Members of the New Mexico Congressional Delegation have introduced a bill that would protect New Mexico's future special education funding.
This week, the Department of Education ruled that New Mexico underfunded its share of the cost of educating students with special needs for the state fiscal year 2011. It determined New Mexico did not meet its financial obligations for special education spending by $34 million. Under the Individuals with Disabilities Education Act (IDEA), states must maintain their share of special education spending through a "maintenance of effort" (MOE) requirement to ensure they use federal funding to enhance their services rather than supplant state funds. When states fall short of maintaining this effort, current law requires the federal contribution for special education funding be reduced by that same amount for all future years.
The "IDEA Adjustment Act" would limit any reduction in funding the Department may impose on a state like New Mexico to just one year of reduced funding. It was introduced yesterday by U.S. Sens. Tom Udall and Martin Heinrich in the Senate and by Reps. Ben Ray Luján and Michelle Lujan Grisham in the House of Representatives.
In a January 31, 2013 letter, the delegation asked the Department to give serious consideration to New Mexico's FY10 and FY11 waiver applications to avoid a reduction in the state's special education funding. That effort also resulted in New Mexico receiving deadline extensions while the state provided additional data to support its waiver application.
U.S. Sen. Tom Udall, a member of the Appropriations Committee, also worked with the Senate Labor, Health and Human Services and Education Appropriations Subcommittee to include similar language in the current fiscal year 2013 Continuing Resolution and is also working to include language in future appropriation bills.
"We must meet the shared responsibility of fully and fairly educating students with special needs, and we've introduced this bill to make sure our schools have the needed federal resources to do so in the future," Sen. Udall said. "This is an unfortunate situation but we must work together to do right by our children, parents and teachers who rely on this important source of federal funding."
"Investing in education is an investment in New Mexico's future. Students with special needs deserve the resources and quality education they need to succeed. This legislation will ensure that the federal funding New Mexico's schools rely upon will be there for them in future years and will help open the door to a better education for all of our children," Sen. Heinrich said.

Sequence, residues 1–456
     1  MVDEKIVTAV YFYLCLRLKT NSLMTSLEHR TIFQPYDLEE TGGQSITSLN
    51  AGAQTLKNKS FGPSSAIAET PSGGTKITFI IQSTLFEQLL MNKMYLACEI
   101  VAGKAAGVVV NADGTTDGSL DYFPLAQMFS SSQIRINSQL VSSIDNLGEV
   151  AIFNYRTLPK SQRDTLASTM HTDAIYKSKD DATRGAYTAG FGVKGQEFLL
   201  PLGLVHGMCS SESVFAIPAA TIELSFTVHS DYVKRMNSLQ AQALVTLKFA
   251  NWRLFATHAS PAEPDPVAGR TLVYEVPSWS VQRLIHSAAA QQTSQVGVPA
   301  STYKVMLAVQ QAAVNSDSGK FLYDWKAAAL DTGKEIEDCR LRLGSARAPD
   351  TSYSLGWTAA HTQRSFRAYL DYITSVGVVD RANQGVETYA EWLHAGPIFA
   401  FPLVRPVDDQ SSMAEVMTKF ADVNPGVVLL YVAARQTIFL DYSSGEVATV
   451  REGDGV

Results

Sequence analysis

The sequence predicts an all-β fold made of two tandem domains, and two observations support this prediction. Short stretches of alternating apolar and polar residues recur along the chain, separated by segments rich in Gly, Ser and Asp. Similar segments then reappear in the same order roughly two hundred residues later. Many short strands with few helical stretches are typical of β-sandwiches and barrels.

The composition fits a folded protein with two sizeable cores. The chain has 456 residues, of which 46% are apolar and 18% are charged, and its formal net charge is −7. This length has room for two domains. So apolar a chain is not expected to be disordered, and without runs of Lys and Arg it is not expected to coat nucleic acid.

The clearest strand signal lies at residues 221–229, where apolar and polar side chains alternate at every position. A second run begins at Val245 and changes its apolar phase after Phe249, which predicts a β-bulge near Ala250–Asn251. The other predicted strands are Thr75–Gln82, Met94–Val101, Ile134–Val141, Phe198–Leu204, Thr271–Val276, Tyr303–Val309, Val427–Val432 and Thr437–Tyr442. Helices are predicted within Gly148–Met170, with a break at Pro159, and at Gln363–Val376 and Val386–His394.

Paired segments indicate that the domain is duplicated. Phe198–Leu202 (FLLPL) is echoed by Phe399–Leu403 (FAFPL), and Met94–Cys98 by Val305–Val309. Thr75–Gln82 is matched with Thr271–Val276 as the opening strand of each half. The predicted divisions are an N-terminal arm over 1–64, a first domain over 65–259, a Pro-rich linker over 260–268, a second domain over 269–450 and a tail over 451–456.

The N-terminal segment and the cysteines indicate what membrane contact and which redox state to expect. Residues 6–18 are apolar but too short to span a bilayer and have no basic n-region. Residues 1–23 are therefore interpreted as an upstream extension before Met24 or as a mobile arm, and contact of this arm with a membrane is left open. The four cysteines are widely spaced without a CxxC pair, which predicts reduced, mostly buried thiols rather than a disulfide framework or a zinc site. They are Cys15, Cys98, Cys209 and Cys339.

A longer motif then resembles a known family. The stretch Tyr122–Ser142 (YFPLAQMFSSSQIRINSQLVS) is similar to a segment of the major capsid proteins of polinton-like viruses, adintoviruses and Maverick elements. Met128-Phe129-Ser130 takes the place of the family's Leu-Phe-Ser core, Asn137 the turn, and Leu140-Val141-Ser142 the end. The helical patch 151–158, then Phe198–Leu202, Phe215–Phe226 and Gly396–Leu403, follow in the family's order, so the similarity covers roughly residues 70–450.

"The U.S. Department of Education's determination that the state failed to meet the maintenance of effort requirement in 2011 is a serious blow at a time when New Mexico cannot afford to lose out on vital federal funding," Rep. Ben Ray Luján said. "Losing $34 million -- especially when it will be a permanent loss unless the legislation we introduced today is passed into law -- will have painful consequences for other important priorities. What is even more concerning is that the U.S. Department of Education's letter stated that the State Public Education Department likely failed to meet maintenance of effort requirements in 2012 as well, which could result in an additional loss of $26 million per year. Anyone that has a child with special needs in their family or knows someone with special needs should be disappointed and frustrated with the state's inability to meet these requirements over the past few years. I will be working diligently with the delegation to advocate for passage of our legislation that less ns the impact of this decision and helps New Mexico schools get important funding for special education moving forward."
"States have an important obligation to provide a quality education to all of our students, especially those with special needs," Rep. Lujan Grisham said. "This bill ensures that New Mexico's students don't needlessly suffer as a result of the state's failure to meet its special education funding obligations."